• IIRC the Altera Stratix 10 FPGA's were fabricated by Intel using Intel's tri-gate technology.

    Re: Linux (Unix), It's interesting that Microsoft was such a big player in the late 70's,early 80's with it's Xenix licensing.
    IIRC they licensed it to lot of companies such as Intel, IBM and even Apple.
    Melbourne, Australia
  • Heater. wrote: »
    Investment in Linux required a monopoly moving up through the ranks to galvanise the desire to collaborate.
    To whom are you referring to when you say "monopoly" there?

    I don't recall any particular major corporate power ever being "the" prime mover for Linux.
    Cripes, it was a defensive collaboration! WinTel being the monopolistic threat. The PC started right at the bottom of the food chain, chewing up everything in it's path as the billions rolled in for Intel and M$.
    "Are we alone in the universe?"
    "Yes," said the Oracle.
    "So there's no other life out there?"
    "There is. They're alone too."
  • evanh,
    Cripes, it was a defensive collaboration!...
    Ok, now I get what you mean. The "duopolistic" threat.

    I guess I'm a bit of an outsider. Windows, or even MS-DOS was never really a thing in my life. Except for a brief period in 1998 or so. I had spent years working on all kind of other systems. The PC and such was regarded as a toy.

    The PC got serious with the arrival of the 386 in 1985. But there was not generally available 32 bit operating system till 15 years later! Linux, started in 1991 was not an attack on any duoploy, it just arrived to fill a big hole.

    Meanwhile I had been working with embedded systems in various companies for many years. I noticed that often they had a hard time because some operating system or language their products depended on no longer existed. Good for me, as they hired me to help fix that mess. So at one company, when I found they were digging yet another proprietary hole for themselves, I suggested they forget thinking about the traditional embedded operating system vendors and use Linux instead. They thought I was nuts. Took a while to turn them around.

    Little did I know that embedded systems builders around the world had the same idea!








  • I was way further outside than you were. I didn't really have any choice in the end. Everything else was dead or nearly so.
    "Are we alone in the universe?"
    "Yes," said the Oracle.
    "So there's no other life out there?"
    "There is. They're alone too."
  • rogloh wrote: »
    Ariba wrote: »
    Hey Roger

    P1V in the Pipistrello version compiles fine for the ECP5 target. The report shows something like 97 MHz max if I remember correct. I have not done any detailed timing analysis.
    I just wait for my FleaOhm board to test if the P1V really works and how fast.

    Thanks Ariba, sounds promising.

    I do still hold out hope that the ECP5 FPGA will be usable in the end and that its clock distribution skew becomes manageable so hold timing analysis succeeds. I recall that the ECP5 has slightly more limited PLL capabilities compared to Altera FPGAs and the P1V's clock generator block were causing some of the drama with the P1V hold timing problems I was getting when I was trying to derive and distribute both 160MHz and 80MHz clocks from some common 480MHz PLL frequency.

    I didn't have much luck with that stuff yet unfortunately but another P1V codebase may see different outcomes. I may possibly have started with a different variant of code to you (can't recall exactly as it been too long now). Might have been something from Jac's github repo instead of the original release from Chip, however I think that code has also been changing since.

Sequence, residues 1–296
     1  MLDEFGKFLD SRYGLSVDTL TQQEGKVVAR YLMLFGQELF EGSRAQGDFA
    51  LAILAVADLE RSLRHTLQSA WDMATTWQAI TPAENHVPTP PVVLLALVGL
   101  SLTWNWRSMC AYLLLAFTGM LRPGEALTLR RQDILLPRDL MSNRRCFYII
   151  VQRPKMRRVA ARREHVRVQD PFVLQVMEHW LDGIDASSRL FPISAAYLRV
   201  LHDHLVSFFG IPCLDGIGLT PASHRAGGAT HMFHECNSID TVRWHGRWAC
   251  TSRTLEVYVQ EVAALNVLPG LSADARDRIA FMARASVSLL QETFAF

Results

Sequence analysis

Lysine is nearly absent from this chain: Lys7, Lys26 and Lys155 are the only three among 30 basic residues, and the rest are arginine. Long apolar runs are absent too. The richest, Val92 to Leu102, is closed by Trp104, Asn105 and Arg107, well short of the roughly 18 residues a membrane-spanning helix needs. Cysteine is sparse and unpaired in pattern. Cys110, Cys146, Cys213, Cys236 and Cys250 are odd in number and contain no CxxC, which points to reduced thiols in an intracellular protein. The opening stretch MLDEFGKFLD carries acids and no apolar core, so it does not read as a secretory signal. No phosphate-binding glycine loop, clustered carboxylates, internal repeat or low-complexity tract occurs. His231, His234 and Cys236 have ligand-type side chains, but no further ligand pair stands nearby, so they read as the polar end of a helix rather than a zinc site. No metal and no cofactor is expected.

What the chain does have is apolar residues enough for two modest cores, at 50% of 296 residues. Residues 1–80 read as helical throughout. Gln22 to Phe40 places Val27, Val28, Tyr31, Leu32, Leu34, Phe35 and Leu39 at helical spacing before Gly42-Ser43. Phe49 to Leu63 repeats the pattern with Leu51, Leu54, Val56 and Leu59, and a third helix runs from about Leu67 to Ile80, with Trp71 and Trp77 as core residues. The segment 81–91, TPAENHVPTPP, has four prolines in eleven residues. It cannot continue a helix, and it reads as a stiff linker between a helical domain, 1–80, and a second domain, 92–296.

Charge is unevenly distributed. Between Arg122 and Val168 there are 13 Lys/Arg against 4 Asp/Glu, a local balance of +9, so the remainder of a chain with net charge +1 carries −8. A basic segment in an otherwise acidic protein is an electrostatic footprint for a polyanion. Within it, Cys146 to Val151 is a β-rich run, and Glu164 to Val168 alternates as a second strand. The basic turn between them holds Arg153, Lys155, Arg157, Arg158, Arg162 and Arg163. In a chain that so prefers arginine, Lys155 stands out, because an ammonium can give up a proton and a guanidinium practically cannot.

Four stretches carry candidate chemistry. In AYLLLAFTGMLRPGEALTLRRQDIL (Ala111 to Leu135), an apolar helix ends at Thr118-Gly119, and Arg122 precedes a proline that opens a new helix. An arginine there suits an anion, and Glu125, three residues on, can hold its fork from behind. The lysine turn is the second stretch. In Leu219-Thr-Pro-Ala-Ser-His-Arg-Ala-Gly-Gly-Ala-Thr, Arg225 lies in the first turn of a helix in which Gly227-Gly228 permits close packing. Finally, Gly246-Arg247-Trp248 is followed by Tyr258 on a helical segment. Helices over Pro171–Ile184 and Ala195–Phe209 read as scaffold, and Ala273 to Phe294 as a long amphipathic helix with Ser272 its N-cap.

I've looked at the Diamond project again. It was 94.8 MHz max and the worst path was in the ALU, so the CPU should work with that frequency. This was a 4 cog version for the 12kLUT ECP5.

    I have not used the original Verilog for clock generation. I simplified it in that I used a clock input from a pin as the cpu_clock and generate a x 2 clock with a PLL for pll_clk.
    I think we don't need all the configuration options of the real Propeller in a P1V, you always can modify the Verilog source for special clock settings.

    Andy

  • roglohrogloh Posts: 651
    edited January 28 Vote Up0Vote Down
    Ok that sounds like an interesting approach Andy and I agree not all the various clock options are required. A lot of the problems I had were directly related to the P1V clocking block so if you got rid of a lot of it that may well have helped.

    One thing I noticed on the FleaFPGA Ohm board in particular is that Valentin uses a 25MHz xtal frequency, not the more common 50MHz other boards often use. That also has some impact on how the 160/80MHz can be generated - perhaps 800/10 and 800/5 are possible if the PLL multiplier and divider ranges can reach those numbers. Personally I would really like a core PLL clock of 480MHz as it lets you get 96MHz for USB use too. Though that may be still achievable in other ways if you cascade PLLs, in theory anyway.

    The ECP5 used on that board has 2 PLLs. Valentin used 25MHz for getting 750MHz then divides down to 75MHz and 375MHz for the HDMI graphics clocks needed for HDTV resolutions. My thought was to also get a 50MHz clock from that first PLL (divide by 15) and feed it into the second PLL for P1V use.

    Roger.
  • Ariba wrote: »

    I've looked at the Diamond project again. It was 94.8 MHz max and the worst path was in the ALU, so the CPU should work with that frequency. This was a 4 cog version for the 12kLUT ECP5.

    I have not used the original Verilog for clock generation. I simplified it in that I used a clock input from a pin as the cpu_clock and generate a x 2 clock with a PLL for pll_clk.
    I think we don't need all the configuration options of the real Propeller in a P1V, you always can modify the Verilog source for special clock settings.

    Andy

    Thats pretty exciting, Andy. Is that with a -6, -7, or -8 speed grade?

  • It was a -6 speedgrade, I never remember what is fast and what is slow....

    BTW I looked at the warnings and the only warnings I see are the one that identifiers are used before declared - should be easy to fix.
    4 Cogs use 67% of a ECP5-12, maybe 6 cogs will fit, but I need some free logic for extensions.
    The ECP5-25 of the FleaOhm should easy allow 8 cogs plus extensions.

    Andy
  • Ariba wrote: »
    It was a -6 speedgrade, I never remember what is fast and what is slow....

    LOL, yeah same here. I think it might be the reverse of SDRAM so -6 is slower than the -8.
  • Some further Lattice progress is posted to your other Lattice FPGA specific thread Ariba (in P2 forums).